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Today's Features

  • Tickets on sale for
    ‘Mulan Jr.’ at SCCT

    Mulan Jr. opens Friday night at Shelby County Community Theatre, and a seventh performance has been added.
    Tickets went on sale last week for this Disney musical, directed by Cyndi Powell Skellie, which features more than 50 actors between the ages of 7 and 14.
    Because of demand a show was added for 7:30 p.m. on Sept. 22.
    Shows now will be Sept. 16, 17, 22, 23, 24 at 7:30 p.m. and Sept. 18 and 25 at 2:30 p.m.

  • If you’re looking for something to do, Shelby County has a full lineup of activities in what is the busiest weekend of the fall.

    From historical re-enactments and lectures to parades and festivals to celebrating pets and commemorating the 10th anniversary of 9-11, there are three days of activities all over the county.

    The annual commemoration of the Long Run Massacre and Floyd’s Defeat, presented by the Painted Stone Settlers already began for students today and continues through Sunday at Red Orchard Park.

  • If you’re looking for something to do, Shelby County has a full lineup of activities in what is the busiest weekend of the fall.

    From historical re-enactments and lectures to parades and festivals to celebrating pets and commemorating the 10th anniversary of 9-11, there are three days of activities all over the county.

    The annual commemoration of the Long Run Massacre and Floyd’s Defeat, presented by the Painted Stone Settlers already began for students today and continues through Sunday at Red Orchard Park.

  • Information was gathered from previous years of The Shelby Sentinel, The Shelby News and The Sentinel-News. You can reach the writer at sharonw@sentinelnews.com.

  • Public meetings
    Shelbyville-Shelby County Parks Board meeting is 7 p.m. Tuesday in the FAC Conference Room
    The Shelbyville Historic District Commission will meet 5:30 p.m. Tuesday at 627 Main Street, in the Shelbyville Welcome/Heritage Center.

  • Things have certainly changed.

    The world is definitely a different place.

    But do we continue to learn, 10 years after the tragedy of Sept. 11, 2001?

    Students and teachers, no doubt, took time to discuss the matter in school this week. Maybe it was a small part of a lesson, maybe it was a whole class, but the events of that day do not appear to have worked their way into the fabric of U.S. and world history classes like D-day or the bombing of Pearl Harbor.

  • The threads we have woven together in the 10 years since terrorists stole commercial airliners and flew them into the World Trade Center, the Pentagon and, with help, a field in Pennsylvania form a yarn that stretches across generations.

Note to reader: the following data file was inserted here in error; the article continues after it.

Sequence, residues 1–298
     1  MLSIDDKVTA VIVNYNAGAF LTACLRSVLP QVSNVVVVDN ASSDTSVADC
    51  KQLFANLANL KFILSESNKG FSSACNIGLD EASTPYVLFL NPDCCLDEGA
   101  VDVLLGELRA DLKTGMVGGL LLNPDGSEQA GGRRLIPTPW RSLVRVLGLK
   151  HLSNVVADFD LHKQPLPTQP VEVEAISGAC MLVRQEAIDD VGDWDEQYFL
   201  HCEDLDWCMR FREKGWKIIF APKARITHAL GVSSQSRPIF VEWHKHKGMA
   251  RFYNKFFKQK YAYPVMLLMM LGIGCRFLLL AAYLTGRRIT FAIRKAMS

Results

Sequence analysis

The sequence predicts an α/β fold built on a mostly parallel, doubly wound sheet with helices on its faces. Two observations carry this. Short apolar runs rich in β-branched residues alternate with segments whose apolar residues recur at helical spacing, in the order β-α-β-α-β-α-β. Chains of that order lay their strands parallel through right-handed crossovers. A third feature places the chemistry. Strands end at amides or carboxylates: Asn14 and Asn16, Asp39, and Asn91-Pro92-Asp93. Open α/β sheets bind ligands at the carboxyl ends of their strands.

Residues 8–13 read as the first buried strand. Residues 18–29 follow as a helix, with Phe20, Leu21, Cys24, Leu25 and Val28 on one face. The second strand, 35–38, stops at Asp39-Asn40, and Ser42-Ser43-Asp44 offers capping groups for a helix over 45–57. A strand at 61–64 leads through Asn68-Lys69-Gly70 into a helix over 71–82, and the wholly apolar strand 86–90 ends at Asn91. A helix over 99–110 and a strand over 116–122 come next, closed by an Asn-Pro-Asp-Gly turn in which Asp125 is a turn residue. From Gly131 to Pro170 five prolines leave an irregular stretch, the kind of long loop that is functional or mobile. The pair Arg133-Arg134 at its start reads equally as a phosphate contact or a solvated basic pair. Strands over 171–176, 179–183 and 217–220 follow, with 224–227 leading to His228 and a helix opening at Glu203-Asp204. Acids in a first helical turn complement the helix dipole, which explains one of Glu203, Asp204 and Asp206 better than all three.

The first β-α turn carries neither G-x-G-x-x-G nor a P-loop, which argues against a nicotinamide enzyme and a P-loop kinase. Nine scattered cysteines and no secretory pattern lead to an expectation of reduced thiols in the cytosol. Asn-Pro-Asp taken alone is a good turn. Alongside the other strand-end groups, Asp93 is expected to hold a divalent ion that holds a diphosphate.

We look back, and those of us who saw what happened, saw those Twin Towers pierced by jets, saw them one by one crumble and fall as if they were a child’s toys and not man-made spires, feel that yarn wrap around us with a tension that won’t ever quite ease up, even after days, weeks and years and – now – a decade.

  • No one has ever forgotten the terrible loss of American life 10 years ago at the hands of terrorists.

    Shelby County Sheriff Mike Armstrong called it one of the worst days in our nation’s history.

    Now, a decade after al-Qaida terrorists killed 3,000 people in four separate attacks in New York City, the Pentagon, and Pennsylvania, as the nation prepares to honor its dead on Sunday, many are reflecting upon the changes that terrible day has wrought on our society.

    In Shelby County, the answer is clear.

  • Roger and Aline Davis of Shelbyville were married Aug. 23, 1951, in New Albany, Ind.

    They have two sons, Robert, and his wife, Ellazane Davis, and Mike, and his wife, Kim, Davis; one grandson, Justin; step-grandson, Josh Cook and his wife, Amanda; and three step-great grandsons.

    They celebrated with a renewal ceremony in the presence of family and friends in the floral garden courtyard setting of Dawson Springs Health and Rehabilitation Center. Rev. Wes Curtis, employee of the center, officiated the ceremony.

  • Robin Frazier of Shelbyville and Gary and Sharon Roy of Russell Springs announce the engagement of their daughter, Hannah Lynn Roy of Shelbyville, to Shane Allen Booth of Shelbyville. He is the son of Lee Ann Rogers of Shelbyville and Jerry Booth of Waddy.

    Roy is a 2005 graduate of Shelby County High School and is a preschool teacher for Dorman Preschool Center.

    Booth is a 2005 graduate of Shelby County High School and is a computer technician for Shelby County Public Schools.

    The wedding will take place at 4 p.m. Saturday at Gallrein Farms.